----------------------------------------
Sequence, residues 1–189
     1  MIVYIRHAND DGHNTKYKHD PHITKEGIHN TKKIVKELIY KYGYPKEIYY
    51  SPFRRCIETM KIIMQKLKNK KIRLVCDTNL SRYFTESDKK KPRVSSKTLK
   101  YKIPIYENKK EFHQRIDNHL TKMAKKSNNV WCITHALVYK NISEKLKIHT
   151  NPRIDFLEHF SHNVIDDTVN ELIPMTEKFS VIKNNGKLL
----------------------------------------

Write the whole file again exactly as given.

Sequence, residues 1–189
     1  MIVYIRHAND DGHNTKYKHD PHITKEGIHN TKKIVKELIY KYGYPKEIYY
    51  SPFRRCIETM KIIMQKLKNK KIRLVCDTNL SRYFTESDKK KPRVSSKTLK
   101  YKIPIYENKK EFHQRIDNHL TKMAKKSNNV WCITHALVYK NISEKLKIHT
   151  NPRIDFLEHF SHNVIDDTVN ELIPMTEKFS VIKNNGKLL